By Mark Meaney, Executive Director of the Center for Education on Social Responsibility
The pace of change is accelerating at an exponential rate. So concludes Tom Freidman in his latest book, Thank You for Being Late: An Optimist's Guide to Thriving in the Age of Accelerations. Likewise, in survey after survey, leading CEOs express their growing concern about the volatility, uncertainty, complexity and ambiguity of the global business environment. Friedman argues that we have in fact entered an “age of accelerations” that will transform almost every aspect of our lives.
He identifies simultaneous exponential changes in globalization, technology and climate change to explain why so many things appear to be spinning out of control. CEOs too identify volatility as their number one concern, a consequence of the acceleration of globalization. Most worrisome for CEOs, their employees are ill-equipped to cope with accelerating complexity. Teams within teams of different nationalities with different cultural values are spread across the globe. They must work together to adjust their strategies and tactics on the fly to events happening in remote parts of the world. All of this even before they address the complexity of the project at hand!
Interestingly enough, Friedman and leading CEOs also agree on the remedy: ethics, markets, and social responsibility. They agree on the kinds of characteristics individuals must acquire to adapt to the “age of accelerations”: self-awareness, integrity, cross-cultural competence, critical thinking, network thinking, comfort with ambiguity and uncertainty, communication, and creativity.
The question lies before us as educators, how can we inspire our students to develop these characteristics? At Leeds, we have embarked on a grand experiment in ‘business civics’. A collaboration among CESR, Finance and Management intends to ready students for the “age of accelerations.” The experiment challenges students to discover the ethical underpinnings of the free market in appreciating business as a ‘calling’. To this end, we match two styles of learning with three different kinds of pedagogy.
In the freshmen World of Business (WOB) course, we have joined ‘participant-centered learning’ with ‘participatory-centered learning’. For ‘participant-centered learning’, we use the more traditional case-based method. Students make explicit fundamental value commitments as future business leaders and then test those values in issues-oriented, decision-making. For example, case studies challenge students to grapple with ethical issues concerning the impact of globalization on emerging markets. Here, students come to appreciate the importance of ‘social capital’, or trusting relationships, in the formalization of informal economies. Naturally, this method enhances self-awareness, integrity, critical thinking skills, and encourages self-management.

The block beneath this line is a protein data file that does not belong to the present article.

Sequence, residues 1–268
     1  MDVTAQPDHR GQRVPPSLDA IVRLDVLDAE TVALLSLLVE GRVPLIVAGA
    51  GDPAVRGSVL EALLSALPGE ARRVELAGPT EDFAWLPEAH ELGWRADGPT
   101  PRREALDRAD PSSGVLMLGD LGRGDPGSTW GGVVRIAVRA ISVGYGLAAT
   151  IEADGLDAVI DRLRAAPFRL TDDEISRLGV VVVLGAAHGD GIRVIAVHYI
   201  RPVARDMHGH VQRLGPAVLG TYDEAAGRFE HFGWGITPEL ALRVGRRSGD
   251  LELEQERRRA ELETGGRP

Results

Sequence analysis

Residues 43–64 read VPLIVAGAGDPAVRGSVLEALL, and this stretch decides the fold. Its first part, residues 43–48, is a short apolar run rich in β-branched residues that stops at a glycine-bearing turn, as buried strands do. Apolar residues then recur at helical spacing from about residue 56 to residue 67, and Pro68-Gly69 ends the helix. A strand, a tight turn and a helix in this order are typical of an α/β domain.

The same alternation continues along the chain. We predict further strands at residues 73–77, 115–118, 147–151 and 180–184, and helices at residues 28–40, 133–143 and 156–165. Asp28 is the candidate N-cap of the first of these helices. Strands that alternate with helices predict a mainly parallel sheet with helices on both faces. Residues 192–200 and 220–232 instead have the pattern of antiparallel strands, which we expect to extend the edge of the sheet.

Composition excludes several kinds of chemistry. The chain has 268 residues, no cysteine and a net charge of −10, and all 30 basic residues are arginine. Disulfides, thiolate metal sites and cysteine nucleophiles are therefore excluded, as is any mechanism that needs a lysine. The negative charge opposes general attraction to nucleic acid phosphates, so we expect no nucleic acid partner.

The ‘participatory-centered learning’ is the most innovative part of WOB. Here, we use ‘gamification’. In gamification, we apply state of the art game mechanics and game design techniques to engage and motivate students to work together in developing their perspective and conviction as ethical business persons. This method also fosters the development of self-awareness and integrity, but focuses on the characteristics of cross-cultural competence, network thinking, comfort with ambiguity and uncertainty, communication, and creativity.
In the sophomore year ‘Ethics and Social Responsibility’ honors module, we add to the case-based method a third kind of pedagogy for ‘participatory-centered learning’, Human-Centered Design (HCD). HCD is a creative approach to problem solving. Students work together on teams within communities to deeply understand the needs of the people who might use their products or services. They dream up scores of ideas and create innovative new solutions rooted in people’s actual needs. HCD gets students out of the classroom, off the campus, and into the Denver/Boulder community to interact directly with community members, potential consumers, corporate executives, and experts in, for example, the circular economy.
In the “age of accelerations,” educators from diverse disciplines must collaborate to prepare students to be able make ethical decisions within a volatile, uncertain, complex, and ambiguous global business environment. Leeds is leading the way in experimenting with curricula to inspire students to develop the characteristics that will enable them to adapt to simultaneous exponential changes in globalization, technology and climate change.